What do you do with new work? Sit on it? Show it around? Take it on the road? And when do you know new work is finished? And why does it need to be?
This is the thing: there are many many people turning out new work all the time. There are too few places showing it and there are too few people purchasing it to make being a photographic artist viable for most. Portfolio reviews provide a service, they give people a forum in which to get work seen. On line galleries are usable as they allow you to get your work seen by many without a big financial investment (although have you ever read what people write about work on those? Pathetic). Websites are also good as they allow you to show a lot of work made over your career. Shows are best, of course, but the cold hard truth is that fewer people are going to see shows these days. Even though anyone who knows anything about art advocates for seeing the actual print hanging on a wall, the truth is that more people will see your work in some secondary way. This means that more are seeing your photography than ever before because it is on line in some way but that they are not seeing it in its best light. So it goes.
My friend Patrick Philips (editor and publisher for the magazine Martha's Vineyard Arts and Ideas: MV A&I) speaks eloquently about our consumer-based culture. I believe this connects with how we are hanging onto a previous model for art that denies the reality that we are into some big changes here. The newest thing? Art being sold online. Amazon, Saatchi, Orignal Art, etc. are all selling art directly to buyers with no middleman, no gallery, no context in which to place the art. Good idea?
Back to you and me. Back to discussing what we do with our new work. What I do is get people to see it. I subject friends, colleagues, assistants, to new work, then pay very close attention to what they say and don't say about it. Seeing the work through their eyes is a really important part of why I do what I do. This is the place where I learn how its working, whether I've printed it well, how the sequencing is working, if I have too many or too few, and so on.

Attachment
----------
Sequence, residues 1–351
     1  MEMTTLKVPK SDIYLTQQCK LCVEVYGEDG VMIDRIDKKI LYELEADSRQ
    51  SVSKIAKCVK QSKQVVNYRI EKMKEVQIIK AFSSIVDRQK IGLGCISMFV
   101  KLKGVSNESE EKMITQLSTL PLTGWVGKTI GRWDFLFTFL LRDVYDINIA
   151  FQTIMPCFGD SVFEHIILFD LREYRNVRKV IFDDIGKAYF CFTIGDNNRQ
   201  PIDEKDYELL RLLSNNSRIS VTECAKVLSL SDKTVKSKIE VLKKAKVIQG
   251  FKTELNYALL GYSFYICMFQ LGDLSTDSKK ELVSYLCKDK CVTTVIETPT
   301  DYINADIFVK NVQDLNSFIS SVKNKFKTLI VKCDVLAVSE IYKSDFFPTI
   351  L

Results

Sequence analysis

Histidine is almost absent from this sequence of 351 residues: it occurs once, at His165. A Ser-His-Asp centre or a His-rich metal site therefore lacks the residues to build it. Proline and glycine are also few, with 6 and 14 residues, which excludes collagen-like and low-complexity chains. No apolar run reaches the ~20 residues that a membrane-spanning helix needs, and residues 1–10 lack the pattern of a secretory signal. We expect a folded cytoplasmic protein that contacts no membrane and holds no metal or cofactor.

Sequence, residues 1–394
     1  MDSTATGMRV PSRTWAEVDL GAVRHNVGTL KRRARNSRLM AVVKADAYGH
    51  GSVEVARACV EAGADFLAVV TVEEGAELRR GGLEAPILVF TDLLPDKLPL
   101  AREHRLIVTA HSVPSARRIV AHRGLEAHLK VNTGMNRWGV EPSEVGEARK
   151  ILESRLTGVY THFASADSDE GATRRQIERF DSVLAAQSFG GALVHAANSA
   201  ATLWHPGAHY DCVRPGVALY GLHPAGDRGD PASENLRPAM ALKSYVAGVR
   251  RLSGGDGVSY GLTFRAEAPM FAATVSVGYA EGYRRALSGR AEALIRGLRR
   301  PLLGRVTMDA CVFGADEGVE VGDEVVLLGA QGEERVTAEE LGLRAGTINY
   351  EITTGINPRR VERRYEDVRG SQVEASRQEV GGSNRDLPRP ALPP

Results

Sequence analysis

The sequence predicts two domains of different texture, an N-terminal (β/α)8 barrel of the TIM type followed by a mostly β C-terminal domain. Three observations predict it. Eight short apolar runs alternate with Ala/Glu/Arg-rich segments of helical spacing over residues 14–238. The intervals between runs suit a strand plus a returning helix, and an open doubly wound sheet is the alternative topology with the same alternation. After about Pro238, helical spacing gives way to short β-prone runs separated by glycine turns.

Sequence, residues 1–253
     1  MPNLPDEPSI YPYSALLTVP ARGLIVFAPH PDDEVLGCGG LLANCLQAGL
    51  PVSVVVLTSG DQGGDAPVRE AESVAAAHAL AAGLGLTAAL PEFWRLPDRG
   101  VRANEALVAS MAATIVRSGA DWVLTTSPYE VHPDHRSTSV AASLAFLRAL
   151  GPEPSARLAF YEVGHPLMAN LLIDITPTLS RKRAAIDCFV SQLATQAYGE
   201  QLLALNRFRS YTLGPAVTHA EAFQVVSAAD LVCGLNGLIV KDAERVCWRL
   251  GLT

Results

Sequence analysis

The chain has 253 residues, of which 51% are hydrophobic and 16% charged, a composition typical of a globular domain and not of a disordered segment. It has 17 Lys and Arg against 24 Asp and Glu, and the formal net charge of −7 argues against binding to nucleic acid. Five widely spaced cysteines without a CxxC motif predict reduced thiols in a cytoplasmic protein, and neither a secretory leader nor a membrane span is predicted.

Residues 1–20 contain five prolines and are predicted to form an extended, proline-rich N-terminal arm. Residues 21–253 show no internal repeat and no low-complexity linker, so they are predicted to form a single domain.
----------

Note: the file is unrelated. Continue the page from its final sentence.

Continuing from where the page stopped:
A couple of weeks ago I was a guest at Michael Hintlian's Crit Group at his home on the north shore (Michael's website). They showed work, discussed it and Michael helped them arrive at an "A" edit, meaning that the best images stay and anything else is out. Michael's approach is excellent and tough but considered and fair. Contact him through his site if you are interested in joining his group. This proved to be an excellent way to share new work, to get responses from those very experienced and those newer to the medium.
When do you know new work is finished? For me, this can be hard but usually when it feels right, sits right in my heart and in my head, looks complete and somehow appears "solved"to me. At this point I am usually looking around for something new, getting anxious to go somewhere, to begin something new.There can be a certain peace of mind when you realize you're not into that work anymore, that perhaps you've moved on to another body of work or a new idea.
Why does new work need to be finished? So that you can move on, of course. We should finish bodies of work as much as possible before we move on to a new project. I have learned to think of past work as the best I could do at the time I made it. This doesn't mean that I accepted compromise, simply that it was what I was capable of at the time. Looking back at past work I see problems, of course, things I'd like to go back and fix. But life is short and there are many many new projects that lie ahead. Dwell in the past or move ahead into the future? That's a no brainer, at least for me. I don't know if I can say this correctly, but perfection is not always the goal. This seems strange for me to say as I am such a stickler for my work being as perfect as I can make it. But striving for technical perfection is at the service of making my work speak eloquently. By this I mean that I want the image to come through without the constraint of some small flaw or poor print quality getting in the way.
One last thing as I ramble along here: watch out for the end goal. Is it to achieve fame and fortune? Is it realizable? Does it matter? Or is it to immerse yourself in the work, to be involved in seeing and sharing your insight, to be making things that are beautiful and enrich your life and others' lives?
New Work: make it the best you can, show it around, finish it and move on to the next one.